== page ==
The Live Wire, Oct. 20: Debt Dummies, Lolita, George Carlin and EE Cummings
FlaglerLive | October 20, 2010
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Today’s Live Wire: Quick Links
- Why Britain Is More Responsible than the US
- Why the GOP Is More Irresponsible than Obama
- Bankrupt Sentinel Has a New Editor
- It’s Hill-Thomas All Over Again
- Textbook Confederate Fallacies
- Lured Into a Trap, Then Tortured for Being Gay
- Calgary Gets a Muslim Mayor
- Reading Lolita at Twelve
- George Carlin on Religion
- Poem: Your EE Cummings Bit
- A Few Good Links
Live Wire Rewinds
Britain’s new government is taking getting out of debt seriously. It’s learned from Obama’s mistakes. From the UK Independent: “The most savage public sector spending cuts in 50 years were today outlined by the Chancellor George Osborne. Welfare, the Home Office and local councils took the brunt of the pain as Mr Osborne detailed how he planned to take around £80 billion out of the public sector budget over the next four years. However in a surprise announcement the schools budget will not be cut and will rise in real terms over the next four years. Around one in 12 civil service jobs are expected disappear while even the Queen does not escape the new austerity measures – total Royal Household spending will be reduced by 14 per cent while civil list payments will be frozen. MPs are also expected to lose their right to a final salary pension. Overall government departments which have not been specifically protected will lose, on average, will have budgets reduced by 19 per cent over the next four years.”
From The Times: “If there is a single message unifying Republican candidates this year, it is a call to grab hold of the federal checkbook, slam it closed and begin to slash spending. To bolster their case that action is needed, Republicans are citing major legislation over the four years that Democrats have controlled Congress, notably the financial system bailout, the economic stimulus and the new health care law. But while polls show that the Republicans’ message is succeeding politically, Republican candidates and party leaders are offering few specifics about how they would tackle the nation’s $13.7 trillion debt, and budget analysts said the party was glossing over the difficulty of carrying out its ideas, especially when sharp spending cuts could impede an already weak economic recovery. […] The parties share blame for the current fiscal situation, but federal budget statistics show that Republican policies over the last decade, and the cost of the two wars, added far more to the deficit than initiatives approved by the Democratic Congress since 2006, giving voters reason to be skeptical of campaign promises. […] Calculations by the nonpartisan Congressional Budget Office and other independent fiscal experts show that the $1.1 trillion cost over the next 10 years of the Medicare prescription drug program, which the Republican-controlled Congress adopted in 2003, by itself would add more to the deficit than the combined costs of the bailout, the stimulus and the health care law. […] At the same time, most Republicans are calling for the permanent extension of all Bush-era tax cuts, which would add $700 billion more to the deficit over the next 10 years than President Obama and Democratic leaders have proposed by continuing only some of the lower rates.” The full story.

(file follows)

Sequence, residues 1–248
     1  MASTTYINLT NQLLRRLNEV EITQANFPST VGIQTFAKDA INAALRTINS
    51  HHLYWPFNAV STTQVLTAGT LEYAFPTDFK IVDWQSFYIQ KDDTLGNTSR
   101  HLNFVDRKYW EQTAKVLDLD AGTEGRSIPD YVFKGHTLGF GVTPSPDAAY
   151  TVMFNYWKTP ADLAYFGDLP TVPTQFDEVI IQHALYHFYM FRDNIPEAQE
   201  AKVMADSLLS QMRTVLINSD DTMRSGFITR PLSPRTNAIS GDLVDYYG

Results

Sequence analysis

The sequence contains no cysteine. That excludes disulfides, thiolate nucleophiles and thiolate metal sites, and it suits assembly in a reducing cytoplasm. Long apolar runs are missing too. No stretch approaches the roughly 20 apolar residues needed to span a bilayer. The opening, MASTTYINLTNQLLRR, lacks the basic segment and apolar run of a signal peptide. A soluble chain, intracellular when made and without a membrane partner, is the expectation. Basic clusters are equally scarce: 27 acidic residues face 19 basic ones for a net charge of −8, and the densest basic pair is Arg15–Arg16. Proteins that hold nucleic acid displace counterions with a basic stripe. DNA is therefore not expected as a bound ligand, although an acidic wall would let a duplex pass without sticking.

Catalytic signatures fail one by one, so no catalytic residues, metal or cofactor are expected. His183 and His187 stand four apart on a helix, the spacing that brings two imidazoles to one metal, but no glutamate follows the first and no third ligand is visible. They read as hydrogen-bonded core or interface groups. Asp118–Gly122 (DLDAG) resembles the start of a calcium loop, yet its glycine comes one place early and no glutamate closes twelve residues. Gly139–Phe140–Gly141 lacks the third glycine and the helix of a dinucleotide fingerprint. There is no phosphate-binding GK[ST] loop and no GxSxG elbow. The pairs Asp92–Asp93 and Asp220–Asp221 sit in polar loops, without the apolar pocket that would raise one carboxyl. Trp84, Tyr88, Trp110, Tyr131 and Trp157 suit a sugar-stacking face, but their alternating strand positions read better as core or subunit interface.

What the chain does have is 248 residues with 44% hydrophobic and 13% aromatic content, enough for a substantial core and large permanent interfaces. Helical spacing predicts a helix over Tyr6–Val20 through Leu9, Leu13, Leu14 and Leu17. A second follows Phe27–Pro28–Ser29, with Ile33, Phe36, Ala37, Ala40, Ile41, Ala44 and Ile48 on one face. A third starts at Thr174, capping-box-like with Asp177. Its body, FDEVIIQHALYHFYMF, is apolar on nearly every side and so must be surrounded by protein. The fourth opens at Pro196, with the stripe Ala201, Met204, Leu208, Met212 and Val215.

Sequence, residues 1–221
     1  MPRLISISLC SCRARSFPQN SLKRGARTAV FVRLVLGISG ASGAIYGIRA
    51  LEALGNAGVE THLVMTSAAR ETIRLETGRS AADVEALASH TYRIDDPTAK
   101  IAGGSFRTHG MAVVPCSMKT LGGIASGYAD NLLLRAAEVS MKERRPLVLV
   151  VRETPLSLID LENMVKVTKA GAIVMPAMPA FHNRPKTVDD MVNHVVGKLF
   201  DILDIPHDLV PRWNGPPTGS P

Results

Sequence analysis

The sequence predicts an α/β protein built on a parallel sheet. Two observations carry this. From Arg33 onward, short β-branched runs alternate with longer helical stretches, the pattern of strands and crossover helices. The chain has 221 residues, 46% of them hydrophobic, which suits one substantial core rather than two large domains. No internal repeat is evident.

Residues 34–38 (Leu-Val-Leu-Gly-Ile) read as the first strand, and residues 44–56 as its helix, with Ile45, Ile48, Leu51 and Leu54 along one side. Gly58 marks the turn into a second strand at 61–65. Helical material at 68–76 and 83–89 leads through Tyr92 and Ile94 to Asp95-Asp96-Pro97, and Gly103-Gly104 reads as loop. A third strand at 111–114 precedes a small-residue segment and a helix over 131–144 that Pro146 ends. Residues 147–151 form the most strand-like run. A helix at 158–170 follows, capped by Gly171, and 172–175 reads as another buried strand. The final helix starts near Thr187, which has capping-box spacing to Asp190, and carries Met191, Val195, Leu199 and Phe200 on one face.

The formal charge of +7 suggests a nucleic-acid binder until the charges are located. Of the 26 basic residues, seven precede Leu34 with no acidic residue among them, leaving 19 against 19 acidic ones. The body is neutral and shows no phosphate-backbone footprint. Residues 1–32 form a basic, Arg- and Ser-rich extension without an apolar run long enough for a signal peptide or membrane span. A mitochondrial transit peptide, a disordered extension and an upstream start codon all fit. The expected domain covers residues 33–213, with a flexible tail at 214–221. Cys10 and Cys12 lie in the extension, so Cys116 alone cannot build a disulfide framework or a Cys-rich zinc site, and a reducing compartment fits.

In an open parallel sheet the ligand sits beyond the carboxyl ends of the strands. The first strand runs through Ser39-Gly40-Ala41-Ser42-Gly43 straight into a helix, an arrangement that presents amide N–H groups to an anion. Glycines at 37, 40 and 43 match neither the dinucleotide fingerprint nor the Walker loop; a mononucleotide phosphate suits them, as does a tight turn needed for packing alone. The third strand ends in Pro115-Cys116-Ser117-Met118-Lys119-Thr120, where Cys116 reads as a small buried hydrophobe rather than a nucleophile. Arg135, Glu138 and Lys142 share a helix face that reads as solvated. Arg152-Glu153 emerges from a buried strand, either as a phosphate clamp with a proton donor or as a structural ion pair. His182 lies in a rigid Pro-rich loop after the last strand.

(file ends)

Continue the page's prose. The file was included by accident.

- The GOP “Pledge”‘s Empty Promise
- Contract on America: The Sequel
- Read the Original Pledge (Full Document)
From the Sentinel: “Orlando Sentinel print-news manager Mark Russell was named editor on Tuesday, and he quickly vowed to emphasize watchdog and local journalism in his new role. Russell, 48, who has been with the Sentinel since 2004, will take over the position immediately. He replaces Charlotte Hall, who retired Oct. 1. […] During the past six years, Russell has helped refocus the newsroom to deliver more news using the Internet, which he said he will continue to emphasize. Most recently, Russell also led a team that brought together the Orlando Sentinel and Fort Lauderdale Sun Sentinel, both Tribune Co.-owned papers, to better share content and production work. […] Russell first joined the newspaper in 1987 as a business reporter. He moved to the city desk, then served as an assistant city editor. Russell left The Plain Dealer to join The Boston Globe as assistant metropolitan editor in 1993, a position he held for two years before returning to The Plain Dealer. Russell is president of the board of directors of the Missourian Publishing Association, which oversees the University of Missouri journalism school’s daily newspaper and advises the school’s dean.”